This coming Tuesday we get two notable Asian cards, one in China and one in Japan. Both of those cards have an international feel and both have some really interesting match ups.
Xi An, China
The most interesting of the two cards is the Chinese one from Xi An, featuring local Chinese fighters along with Japanese and Korean visitors. The show features 3 regional title bouts along with several other less under-card bouts.
One of the title bouts will see local fighter Qixiu Zhang (10-5-1, 3) take on unbeaten Korean Jong Sun Gang (8-0-1, 5) in a bout for the WBC Youth Intercontinental Super Featherweight title. Zhang was stopped last year by Joe Noynay, in 8 rounds, though he can't be written off and did impress in stopping Nak Yul Park in Korea. On the other hand Gang, a natural Featherweight, was held to a draw last time out but has scored stoppages in 4 of his last 5. This could be the bout of the daY.
In a female bout we'll see Li Ping Shi (4-2, 2) make her first defense of the WBC Asian Boxing Council female Super Flyweight title as she takes on Japanese challenger Yuko Henzan (8-7-4, 2). Shi won the belt last year stopping Hyun Gee Gil and looks to be much, much better than her record suggests. Henzan on the other hand is a pretty limited fighter, despite having previously won the OPBF female Bantamweight title. Henzan lost last time she faced a Chinese fighter, coming up short to Fan Yin, and could only manage a draw with Phannaluk Kongsang last time she fought outside of Japan.
A third title fight will see Yougu Yu (5-1-3, 2) take on Hyuma Fujioka (10-8-1, 1) for the WBC Asian Boxing Council Continental Bantamweight title. Yu is 2-0-3 in his last 5 bouts, but those draws are a bit strange. He certainly deserved to lose to Yuya Nakamura in December, but also deserved a win over Yushi Tanaka back in April and that Tanaka fight showed he is a solid fighter. Fujioka has a poor looking record, but has been competitive with the likes of Ryo Akaho, Shohei Kawashima and Naoya Okamoto, so if a game fighter who will be in China to win.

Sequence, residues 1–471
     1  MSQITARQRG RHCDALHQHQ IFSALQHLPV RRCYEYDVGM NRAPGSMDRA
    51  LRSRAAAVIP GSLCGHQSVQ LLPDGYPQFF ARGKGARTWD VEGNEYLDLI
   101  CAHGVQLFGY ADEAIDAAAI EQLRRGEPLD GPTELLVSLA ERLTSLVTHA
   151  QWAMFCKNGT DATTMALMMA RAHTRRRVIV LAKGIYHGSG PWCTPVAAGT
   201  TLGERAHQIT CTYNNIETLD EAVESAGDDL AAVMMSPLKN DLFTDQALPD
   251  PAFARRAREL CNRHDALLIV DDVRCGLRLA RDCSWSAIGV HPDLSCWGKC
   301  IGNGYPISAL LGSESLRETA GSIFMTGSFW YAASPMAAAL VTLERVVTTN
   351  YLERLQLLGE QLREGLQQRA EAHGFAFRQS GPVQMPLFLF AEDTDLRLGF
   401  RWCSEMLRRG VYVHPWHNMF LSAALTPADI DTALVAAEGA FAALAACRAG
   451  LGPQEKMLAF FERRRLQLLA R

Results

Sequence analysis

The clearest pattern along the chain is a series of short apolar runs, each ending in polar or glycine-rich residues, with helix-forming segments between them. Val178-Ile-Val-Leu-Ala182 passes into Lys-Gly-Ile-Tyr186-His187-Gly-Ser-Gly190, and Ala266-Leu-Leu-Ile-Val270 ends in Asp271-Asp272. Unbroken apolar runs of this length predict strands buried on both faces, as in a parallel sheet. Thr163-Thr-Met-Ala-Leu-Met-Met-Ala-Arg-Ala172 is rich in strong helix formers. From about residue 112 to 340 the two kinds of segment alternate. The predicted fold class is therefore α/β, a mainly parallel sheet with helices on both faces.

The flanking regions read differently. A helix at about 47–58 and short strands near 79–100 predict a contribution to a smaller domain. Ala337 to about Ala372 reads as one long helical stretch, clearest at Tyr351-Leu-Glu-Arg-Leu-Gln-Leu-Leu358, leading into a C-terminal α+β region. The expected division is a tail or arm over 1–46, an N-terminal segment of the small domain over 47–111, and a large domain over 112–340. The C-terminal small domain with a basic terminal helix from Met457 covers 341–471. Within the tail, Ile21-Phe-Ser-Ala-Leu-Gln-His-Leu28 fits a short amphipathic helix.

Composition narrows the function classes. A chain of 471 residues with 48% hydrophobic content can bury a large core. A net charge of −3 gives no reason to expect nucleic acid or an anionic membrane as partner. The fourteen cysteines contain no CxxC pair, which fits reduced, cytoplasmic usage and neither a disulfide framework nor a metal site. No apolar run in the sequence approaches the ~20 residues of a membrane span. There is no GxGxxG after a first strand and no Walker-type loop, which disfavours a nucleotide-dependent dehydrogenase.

One other bout of note here will see local fighter Shan Wu (8-5, 1) take on Chinese fighter Seita Ogido (13-4-3, 3). The 29 year old Wu has won his last 4 bouts, but has faced limited competition since losing to Min Jang in Korea. On the other hand Ogido is 2-2-2, with his last 2 wins really not being impressive and it does look like the Okinawa man will fall short of the expectations some had for him.
As well as the Chinese card there's also a really notable Japanese card, featuring two former world title challengers and a member of the Kameda family.
The main event of the show will see recent world title challenger Ryohei Takahashi (15-4-1, 6) look to bounce back from his loss to TJ Doehny, as he takes on Korean visitor Jin Wook Lim (10-6-5, 3). Whilst Takahashi is the much more well known fighter, given the Doheny bout, he's not a very skilLed fighter, relying more on toughness and work rate than technical skills. Lim isn't too well known but he but he has challenged for AN OPBF title before and is certainly a live under-dog here. Sadly for Lim he has been stopped in 2 of his last 4, and he would need a career best performance to pick up a win here.
The other world title challenger is Thai visitor Samartlek Kokietgym (34-9-1, 12), who has lost in world title fighters to Naoya Inoue and Akira Yaegashi. The highly experienced Samartlek will be up against Naoki Mochizuki (15-4, 8), a recent Japanese title challenger. Although the Thai is the more experienced man he is the much smaller fighter and we suspect that Mochizuki will be too big, too strong and too powerful for Samartlek.
One other bout of interest will see Kyonosuke Kameda (3-1, 2), the cousin of the Kameda brothers, facing off with the unbeaten Ryugo Ushijima (3-0, 2). Kameda comes into this on the back of 3 straight wins, following a stoppage loss on his debut, but we see this as a step up for Kameda. The 18 year old Ushijima really impressed us this past February in his win over Shota Ogasawara and we do believe he's very, very talented, with the potential to develop into a pretty solid domestic fighter. If Ushijima is as a good as he looked against Ogasawara he should take the win here.